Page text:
Look for an image that resolves nicely into just a few shapes - no more than a dozen. You can use the one you brought home from class, or one of your own. Choose a color (just one) straight from the tube, that can get dark enough to represent black. It’s better not to make a color by mixing, since that introduces another variable. This exercise is designed to focus on value only. Similarly, all paint should be applied to dry paper, to keep wetness from distracting your attention from value.
If you are tempted to get fussy about edge quality, or texture, or any kind of detail, remember, this is NOT A PAINTING, and it is supposed to be too simple. A door may be important, but the doorknob probably isn’t. I have seen some so-called value studies that are, in fact, very carefully observed monochrome paintings. They may be quite beautiful, but as tools designed to reveal the essential elements of the scene, they are not very useful. The best way to find out if something needs to be in the picture is to leave it out.
After each step, while you’re waiting for the paper to dry, assess how complete the illusion of light and space and substance feels.

Light is an important component of this image. Isolating the variable of Valueshould reveal the role it plays in creating the illusion of sun and shadow.


In your drawing of the big shapes, try to keep the number down to ten, or fewer. The profile of each shape is all you need to draw. The idea is tolocate the shapes, not to describe them.

· Starting with the light grey, paint the entire page, except for any shapes that need to stay white.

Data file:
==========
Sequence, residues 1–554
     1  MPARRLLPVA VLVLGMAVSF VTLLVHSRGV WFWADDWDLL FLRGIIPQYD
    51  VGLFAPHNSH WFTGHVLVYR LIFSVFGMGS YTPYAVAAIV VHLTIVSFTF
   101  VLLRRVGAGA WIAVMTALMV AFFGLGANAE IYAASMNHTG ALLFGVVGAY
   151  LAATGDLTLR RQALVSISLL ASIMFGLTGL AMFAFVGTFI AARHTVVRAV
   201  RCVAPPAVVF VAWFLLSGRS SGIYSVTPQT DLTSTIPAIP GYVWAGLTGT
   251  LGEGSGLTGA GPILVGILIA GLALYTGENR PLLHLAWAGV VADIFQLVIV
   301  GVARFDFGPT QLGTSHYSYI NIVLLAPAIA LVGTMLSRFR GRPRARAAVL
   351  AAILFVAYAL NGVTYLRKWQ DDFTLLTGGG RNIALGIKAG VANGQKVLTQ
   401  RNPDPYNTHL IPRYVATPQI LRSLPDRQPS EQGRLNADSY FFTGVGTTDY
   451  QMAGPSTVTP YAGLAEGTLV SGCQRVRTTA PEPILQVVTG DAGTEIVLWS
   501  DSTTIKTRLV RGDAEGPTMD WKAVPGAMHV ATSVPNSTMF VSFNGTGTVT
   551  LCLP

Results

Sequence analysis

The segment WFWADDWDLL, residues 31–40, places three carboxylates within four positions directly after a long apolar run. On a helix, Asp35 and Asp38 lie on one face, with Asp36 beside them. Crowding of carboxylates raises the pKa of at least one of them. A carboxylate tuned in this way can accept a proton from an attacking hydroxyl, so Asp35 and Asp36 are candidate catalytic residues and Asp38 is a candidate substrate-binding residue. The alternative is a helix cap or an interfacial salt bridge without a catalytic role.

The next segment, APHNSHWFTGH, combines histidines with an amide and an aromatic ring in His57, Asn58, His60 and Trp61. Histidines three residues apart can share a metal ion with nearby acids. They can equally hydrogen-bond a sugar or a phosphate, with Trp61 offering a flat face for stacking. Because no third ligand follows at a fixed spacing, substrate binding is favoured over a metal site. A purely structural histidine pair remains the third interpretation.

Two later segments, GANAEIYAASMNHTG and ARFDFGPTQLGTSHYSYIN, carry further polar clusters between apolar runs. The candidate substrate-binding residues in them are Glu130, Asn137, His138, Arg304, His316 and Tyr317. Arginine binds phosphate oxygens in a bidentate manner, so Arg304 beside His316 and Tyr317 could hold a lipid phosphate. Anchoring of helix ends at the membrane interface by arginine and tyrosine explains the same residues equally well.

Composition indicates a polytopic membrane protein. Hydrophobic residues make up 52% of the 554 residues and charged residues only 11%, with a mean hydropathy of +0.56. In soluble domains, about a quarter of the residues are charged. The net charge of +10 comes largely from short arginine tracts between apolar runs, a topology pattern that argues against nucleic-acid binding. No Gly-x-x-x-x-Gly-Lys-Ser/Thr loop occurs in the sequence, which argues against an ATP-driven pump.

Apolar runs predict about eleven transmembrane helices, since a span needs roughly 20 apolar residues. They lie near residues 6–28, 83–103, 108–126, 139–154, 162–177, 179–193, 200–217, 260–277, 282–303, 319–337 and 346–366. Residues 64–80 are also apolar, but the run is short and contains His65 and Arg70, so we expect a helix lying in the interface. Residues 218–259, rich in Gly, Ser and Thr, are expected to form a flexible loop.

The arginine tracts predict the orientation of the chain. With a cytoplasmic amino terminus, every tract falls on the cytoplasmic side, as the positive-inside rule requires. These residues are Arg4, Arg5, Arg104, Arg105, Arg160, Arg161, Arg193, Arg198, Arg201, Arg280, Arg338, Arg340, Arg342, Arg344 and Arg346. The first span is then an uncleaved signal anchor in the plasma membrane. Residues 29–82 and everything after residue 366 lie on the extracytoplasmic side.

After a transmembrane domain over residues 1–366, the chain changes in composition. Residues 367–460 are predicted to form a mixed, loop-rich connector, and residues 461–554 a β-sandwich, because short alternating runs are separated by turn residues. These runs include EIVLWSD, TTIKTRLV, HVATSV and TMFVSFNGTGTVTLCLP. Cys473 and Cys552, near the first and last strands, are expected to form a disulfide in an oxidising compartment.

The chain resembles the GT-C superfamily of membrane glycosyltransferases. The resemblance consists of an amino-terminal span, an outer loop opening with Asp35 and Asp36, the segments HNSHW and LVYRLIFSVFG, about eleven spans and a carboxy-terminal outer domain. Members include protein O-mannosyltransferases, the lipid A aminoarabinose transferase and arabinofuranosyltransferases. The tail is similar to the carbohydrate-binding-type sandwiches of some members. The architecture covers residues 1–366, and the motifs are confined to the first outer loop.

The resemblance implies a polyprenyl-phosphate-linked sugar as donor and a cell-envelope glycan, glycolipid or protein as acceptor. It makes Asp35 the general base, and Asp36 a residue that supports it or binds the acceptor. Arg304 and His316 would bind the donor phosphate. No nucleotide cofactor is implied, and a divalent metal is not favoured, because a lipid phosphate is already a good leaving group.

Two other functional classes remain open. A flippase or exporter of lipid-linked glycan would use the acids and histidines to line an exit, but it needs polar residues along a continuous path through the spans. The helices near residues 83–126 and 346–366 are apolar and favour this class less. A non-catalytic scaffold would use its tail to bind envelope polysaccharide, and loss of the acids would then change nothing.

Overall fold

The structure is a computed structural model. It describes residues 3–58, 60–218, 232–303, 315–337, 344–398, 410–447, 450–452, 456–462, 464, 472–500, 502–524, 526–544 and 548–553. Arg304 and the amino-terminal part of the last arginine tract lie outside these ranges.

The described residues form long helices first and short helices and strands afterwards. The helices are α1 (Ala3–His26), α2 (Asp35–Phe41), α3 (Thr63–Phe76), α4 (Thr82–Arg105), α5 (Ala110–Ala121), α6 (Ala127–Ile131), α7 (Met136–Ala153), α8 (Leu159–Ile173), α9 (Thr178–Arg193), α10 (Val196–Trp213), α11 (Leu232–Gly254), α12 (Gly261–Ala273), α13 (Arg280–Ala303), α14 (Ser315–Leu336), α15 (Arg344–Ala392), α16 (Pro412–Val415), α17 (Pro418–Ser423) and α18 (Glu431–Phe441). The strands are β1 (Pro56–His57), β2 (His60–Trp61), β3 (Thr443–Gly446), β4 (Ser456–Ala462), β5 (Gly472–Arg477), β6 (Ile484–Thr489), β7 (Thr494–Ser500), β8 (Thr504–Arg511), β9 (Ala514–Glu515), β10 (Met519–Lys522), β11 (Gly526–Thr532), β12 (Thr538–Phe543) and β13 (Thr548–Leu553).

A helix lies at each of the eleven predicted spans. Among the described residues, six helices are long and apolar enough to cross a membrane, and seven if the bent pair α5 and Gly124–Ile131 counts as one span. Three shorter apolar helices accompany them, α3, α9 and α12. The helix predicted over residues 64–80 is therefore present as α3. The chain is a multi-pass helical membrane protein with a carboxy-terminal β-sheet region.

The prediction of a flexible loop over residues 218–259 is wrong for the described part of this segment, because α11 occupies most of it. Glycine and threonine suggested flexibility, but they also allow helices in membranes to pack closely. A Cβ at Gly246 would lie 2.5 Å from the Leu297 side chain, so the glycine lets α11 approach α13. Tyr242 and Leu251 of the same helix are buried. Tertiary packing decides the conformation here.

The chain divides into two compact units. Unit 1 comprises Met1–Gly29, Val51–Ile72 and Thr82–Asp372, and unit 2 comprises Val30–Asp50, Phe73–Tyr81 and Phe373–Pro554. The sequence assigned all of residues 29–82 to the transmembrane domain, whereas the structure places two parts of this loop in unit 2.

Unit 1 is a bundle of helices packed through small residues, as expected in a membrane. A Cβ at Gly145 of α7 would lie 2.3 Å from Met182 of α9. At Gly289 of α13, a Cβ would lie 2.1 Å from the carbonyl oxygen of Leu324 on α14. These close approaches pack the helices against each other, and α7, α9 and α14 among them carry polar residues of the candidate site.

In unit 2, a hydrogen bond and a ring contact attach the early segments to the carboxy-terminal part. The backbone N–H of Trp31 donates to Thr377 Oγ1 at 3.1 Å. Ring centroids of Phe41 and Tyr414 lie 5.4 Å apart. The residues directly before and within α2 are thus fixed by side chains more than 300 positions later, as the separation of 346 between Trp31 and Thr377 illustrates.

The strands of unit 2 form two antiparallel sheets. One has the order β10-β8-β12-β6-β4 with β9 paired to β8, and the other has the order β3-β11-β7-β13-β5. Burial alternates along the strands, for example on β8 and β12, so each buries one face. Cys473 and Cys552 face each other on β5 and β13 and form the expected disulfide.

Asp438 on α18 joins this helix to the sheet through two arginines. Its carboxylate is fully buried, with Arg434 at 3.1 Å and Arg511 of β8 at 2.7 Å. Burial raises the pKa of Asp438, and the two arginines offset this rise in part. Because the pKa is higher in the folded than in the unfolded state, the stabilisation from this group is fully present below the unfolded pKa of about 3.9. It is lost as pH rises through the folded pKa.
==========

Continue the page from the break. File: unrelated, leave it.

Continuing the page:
Is there a feeling of light in the study? What about space? Substance?

· When that layer is dry, paint the whole page middle grey, except for the lights and the whites. If you can’t decide whether a shape should be light or middle, round it off one way or the other. The finished study will reveal whether you made the right choice.
Again assess the state of the illusion: Light? Space? Substance?

· When layer two is dry, apply the dark grey over everything except the middle, light and white shapes. Now that the background figure has a dark grey layer, and the section of wall behind him does not, notice how effectively the two separate, compared to the previous stage.

Finally, paint in the darkest darks.
The role of the darkest darks in creating an illusion of light, space and substance is clear even in a radically over-simplified image.

Where do I need more subtlety or specificity?
When the value study is finished, it can be compared to the source image or the scene to see where adjustments need to be made. Having come way over into the realm of too little information, we now have a basis for judging how much more needs to be included.  Don’t skip this step.  A study, as the name implies, is a learning tool. Your painting process will be more efficient and your paintings more cohesive if you extract all the lessons you can from your preliminary work.
In the photo, the two mounds of dirt are so similar in color and value it seemed sensible to treat them as a single shape. But the study reveals that it would be better to separate them, making it clearer that the one on the right is in front. It is also clear that the mound on the left does not separate sufficiently from the wall in the background. It looks ok where there is a shadow behind it, but where the wall is sunlit only the pencil line separates the two shapes. Perhaps lightening the left mound a little could solve both of these problems. Five values, in this case, are not quite enough. This is an example of the need for more subtlety.
The little raised frame beside the doorway that catches the sun is a fine feature  of the photo that I miss. It does an important job, describing the light. It is a bit of specific information that will add significantly to the picture without becoming a distraction.